For many years, the focus for estate planning was minimizing estate tax. The higher estate tax credits and the potential for estate tax repeal creates a need to now focus on income tax planning. Income tax requires an understanding of basis planning.
First, let's start with what "basis" means. Your basis is usually what you paid for an asset. According to the IRS, a capital gain or loss is the difference between your basis and the amount you get when you sell an asset. There can be adjustments to that basis amount, such as increases for improvements and decreases for depreciation expenses that are taken or allowable. So, if you sell an asset that is worth more than you paid for it, you will have to pay taxes on the gain.
If for example, you had purchased stock many years ago for $10 a share and you sold it today for $75 a share, the $65-per-share gain would have to be taxed. These capital gains taxes will vary depending on whether they are considered short-term gains (assets held for less than one year and taxed as ordinary income) or long-term gains (assets held for more than one year and taxed for federal income tax purposes are between 0 percent and 23.8 percent, depending on your income level). The maximum combined rate (the Federal and California rates combined) for California residents is 37.1%.
While capital gains taxes can be significant, the government gives heirs a break when they inherit appreciated assets. When someone inherits an asset, the cost basis of the asset is "stepped up to value" on the date of death.
Let's assume that an elderly parent leaves a home to her grown children. The home was purchased 25 years ago for $100,000 — the original basis — and is valued at $400,000 on the date of death. While the beneficiaries may have to pay estate or inheritance taxes depending on the size of the estate, they will not be responsible for capital gains tax on $300,000 worth of gains if they decide to sell the house. The government immediately resets that $100,000 basis to $400,000.
Since they received a step-up in basis, they will be responsible only for gains that might occur from the point at which they inherit the asset and then sell it. So if the beneficiaries later sell the home for $425,000, only the $25,000 is considered a gain as it represents the increase in value after the original owner passed away.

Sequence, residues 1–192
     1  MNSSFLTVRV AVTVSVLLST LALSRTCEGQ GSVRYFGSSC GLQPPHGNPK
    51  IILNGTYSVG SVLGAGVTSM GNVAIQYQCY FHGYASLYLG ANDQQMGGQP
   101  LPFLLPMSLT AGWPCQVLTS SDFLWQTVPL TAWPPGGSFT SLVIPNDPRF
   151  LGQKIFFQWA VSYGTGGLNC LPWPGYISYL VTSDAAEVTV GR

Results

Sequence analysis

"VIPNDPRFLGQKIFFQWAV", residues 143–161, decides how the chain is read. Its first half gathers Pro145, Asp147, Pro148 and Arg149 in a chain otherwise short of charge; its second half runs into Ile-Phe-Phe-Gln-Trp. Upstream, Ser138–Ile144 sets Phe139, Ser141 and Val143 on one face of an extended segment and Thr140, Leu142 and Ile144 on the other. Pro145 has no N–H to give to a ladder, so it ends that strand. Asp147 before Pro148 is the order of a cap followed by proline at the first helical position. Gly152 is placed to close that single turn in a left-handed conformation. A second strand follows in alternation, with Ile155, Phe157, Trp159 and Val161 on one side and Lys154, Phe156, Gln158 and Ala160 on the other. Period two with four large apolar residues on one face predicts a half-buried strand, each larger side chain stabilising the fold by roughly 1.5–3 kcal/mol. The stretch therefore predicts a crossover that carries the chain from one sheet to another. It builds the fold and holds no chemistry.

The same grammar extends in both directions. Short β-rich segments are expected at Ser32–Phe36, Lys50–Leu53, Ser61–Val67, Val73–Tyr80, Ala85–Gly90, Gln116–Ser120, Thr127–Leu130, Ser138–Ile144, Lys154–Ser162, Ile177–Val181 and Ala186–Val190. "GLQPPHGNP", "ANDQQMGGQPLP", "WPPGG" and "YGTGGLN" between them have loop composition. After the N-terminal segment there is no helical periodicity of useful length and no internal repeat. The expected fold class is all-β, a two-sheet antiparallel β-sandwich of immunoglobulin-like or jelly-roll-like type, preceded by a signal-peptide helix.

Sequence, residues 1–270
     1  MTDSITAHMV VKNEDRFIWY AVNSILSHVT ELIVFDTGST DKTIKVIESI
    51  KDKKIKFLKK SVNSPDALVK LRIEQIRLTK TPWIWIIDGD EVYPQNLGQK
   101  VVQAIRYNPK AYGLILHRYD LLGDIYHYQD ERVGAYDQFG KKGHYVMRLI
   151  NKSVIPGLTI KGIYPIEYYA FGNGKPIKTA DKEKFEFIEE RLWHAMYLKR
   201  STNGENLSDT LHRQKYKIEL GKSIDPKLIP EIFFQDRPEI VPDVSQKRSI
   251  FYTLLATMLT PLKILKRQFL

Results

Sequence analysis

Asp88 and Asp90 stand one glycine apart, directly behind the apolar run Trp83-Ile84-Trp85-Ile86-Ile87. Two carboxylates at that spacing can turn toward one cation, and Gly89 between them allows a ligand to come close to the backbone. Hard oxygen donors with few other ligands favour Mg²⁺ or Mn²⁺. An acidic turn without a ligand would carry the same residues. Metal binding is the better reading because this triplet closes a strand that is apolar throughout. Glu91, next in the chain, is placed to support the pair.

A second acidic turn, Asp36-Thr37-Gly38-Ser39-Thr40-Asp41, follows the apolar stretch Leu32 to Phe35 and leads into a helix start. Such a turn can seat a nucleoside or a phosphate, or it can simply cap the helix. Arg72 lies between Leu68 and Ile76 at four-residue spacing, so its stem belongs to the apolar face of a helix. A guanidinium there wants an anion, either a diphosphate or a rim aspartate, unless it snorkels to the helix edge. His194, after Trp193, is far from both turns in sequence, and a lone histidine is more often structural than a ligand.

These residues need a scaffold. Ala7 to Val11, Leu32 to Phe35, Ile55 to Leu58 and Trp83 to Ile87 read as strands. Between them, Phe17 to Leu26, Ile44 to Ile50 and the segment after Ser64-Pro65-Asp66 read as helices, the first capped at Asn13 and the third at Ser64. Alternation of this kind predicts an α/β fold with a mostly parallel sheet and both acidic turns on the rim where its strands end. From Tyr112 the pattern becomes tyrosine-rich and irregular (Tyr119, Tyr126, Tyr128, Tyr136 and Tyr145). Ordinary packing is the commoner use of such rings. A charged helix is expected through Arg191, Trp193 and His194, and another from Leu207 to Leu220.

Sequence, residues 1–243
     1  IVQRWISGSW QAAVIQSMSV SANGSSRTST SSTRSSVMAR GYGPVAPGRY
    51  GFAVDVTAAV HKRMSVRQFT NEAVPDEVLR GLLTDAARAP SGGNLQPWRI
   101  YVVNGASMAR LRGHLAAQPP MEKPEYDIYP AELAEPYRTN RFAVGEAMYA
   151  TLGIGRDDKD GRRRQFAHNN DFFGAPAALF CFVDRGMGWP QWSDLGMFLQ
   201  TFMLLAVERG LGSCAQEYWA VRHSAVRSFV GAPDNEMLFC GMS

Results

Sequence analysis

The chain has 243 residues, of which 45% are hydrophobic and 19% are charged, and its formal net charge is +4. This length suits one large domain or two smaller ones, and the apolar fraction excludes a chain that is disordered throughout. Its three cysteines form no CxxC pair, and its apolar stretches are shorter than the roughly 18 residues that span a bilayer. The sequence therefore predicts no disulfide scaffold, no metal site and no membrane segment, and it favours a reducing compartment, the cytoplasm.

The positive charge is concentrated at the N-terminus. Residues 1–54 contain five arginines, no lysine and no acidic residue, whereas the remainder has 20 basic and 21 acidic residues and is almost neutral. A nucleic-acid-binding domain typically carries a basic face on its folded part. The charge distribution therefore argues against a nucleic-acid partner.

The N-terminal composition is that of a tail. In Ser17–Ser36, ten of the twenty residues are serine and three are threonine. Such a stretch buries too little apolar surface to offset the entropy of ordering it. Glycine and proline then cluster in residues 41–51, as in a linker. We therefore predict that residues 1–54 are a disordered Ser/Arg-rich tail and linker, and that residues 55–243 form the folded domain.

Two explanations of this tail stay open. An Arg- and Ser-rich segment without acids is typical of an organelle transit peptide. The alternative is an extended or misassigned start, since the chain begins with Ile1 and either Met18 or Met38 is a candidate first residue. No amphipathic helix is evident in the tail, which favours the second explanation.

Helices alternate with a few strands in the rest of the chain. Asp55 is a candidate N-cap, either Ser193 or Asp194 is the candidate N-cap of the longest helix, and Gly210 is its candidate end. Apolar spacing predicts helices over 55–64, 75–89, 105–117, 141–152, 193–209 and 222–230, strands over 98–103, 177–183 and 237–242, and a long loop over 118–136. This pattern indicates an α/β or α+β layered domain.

Now that you know about this, you should examine the cost basis of assets before you think of gifting as the preferred means of transferring wealth.
Estate planning attorneys note that too often an emphasis is made on gift-giving to avoid a modest amount of estate tax, because then the recipient of the gift is confronted with a large capital gain to be paid when selling the gifted item. Holding the property rather than gifting it to the beneficiary could relieve that beneficiary of any capital gains tax if there is no additional gain on the value of the property. It's a good idea to consider this for any highly appreciated property, as gifting could result in capital gains taxes that could have been avoided.
There are also special situations resulting in a half-step-up in basis that can apply to certain situations: When assets are owned by joint tenants with rights of survivorship between spouses and one spouse passes away, a partial increase in basis may apply.
So let's say that stock owned jointly with rights of survivorship was originally purchased for $50,000 and is worth $100,000 on the date one spouse passes away. The new basis for the surviving spouse would be equal to the fair market value on the date of death plus the original basis divided by two, or $100,000 + 50,000 / 2 = $75,000. In this way, half of the assets receive a stepped-up basis. This is a disaster for a married couple.
A married couple in California should never own assets in joint tenancy. This is a common mistake as it prevents the surviving spouse from obtaining a full step-up in basis for income tax purposes. This problem was so bad that the State of California created a new form of ownership solely to prevent this income tax issue from arising for its residents. A better approach for holding title as a married couple is "community property with the right of survivorship". This provides ease of transfer to the survivor spouse but also provides for a full step-up in basis for income tax purposes. Better still, use a trust for ownership of assets which also provides for the transfer to children or their heirs. Remember, a full step-up in income tax basis really means lower capital gains tax.
Using a step-up in basis can lead to big tax savings, but there are limitations to consider. It doesn't apply to assets held jointly with children. Also, you can't use it for tax-deferred accounts such as IRAs or 401(k)s.
Note that these concepts will change if the federal estate tax is in fact repealed. The repeal of the federal estate tax provides a significant benefit for only 0.2% of the general public (in the United States). However, the loss of the step-up in income tax basis subjects us all to higher taxes on capital gains.
Optimizing an estate plan to minimize inheritance, estate and capital gains taxes is no easy task. Complexities in the tax code certainly don't make it easy for the average person to address these issues. Your situation is unique, and that's why you may want to consider speaking to a certified specialist in order to identify and implement the most appropriate planning approach for you. Speak with a professional before making a major decision.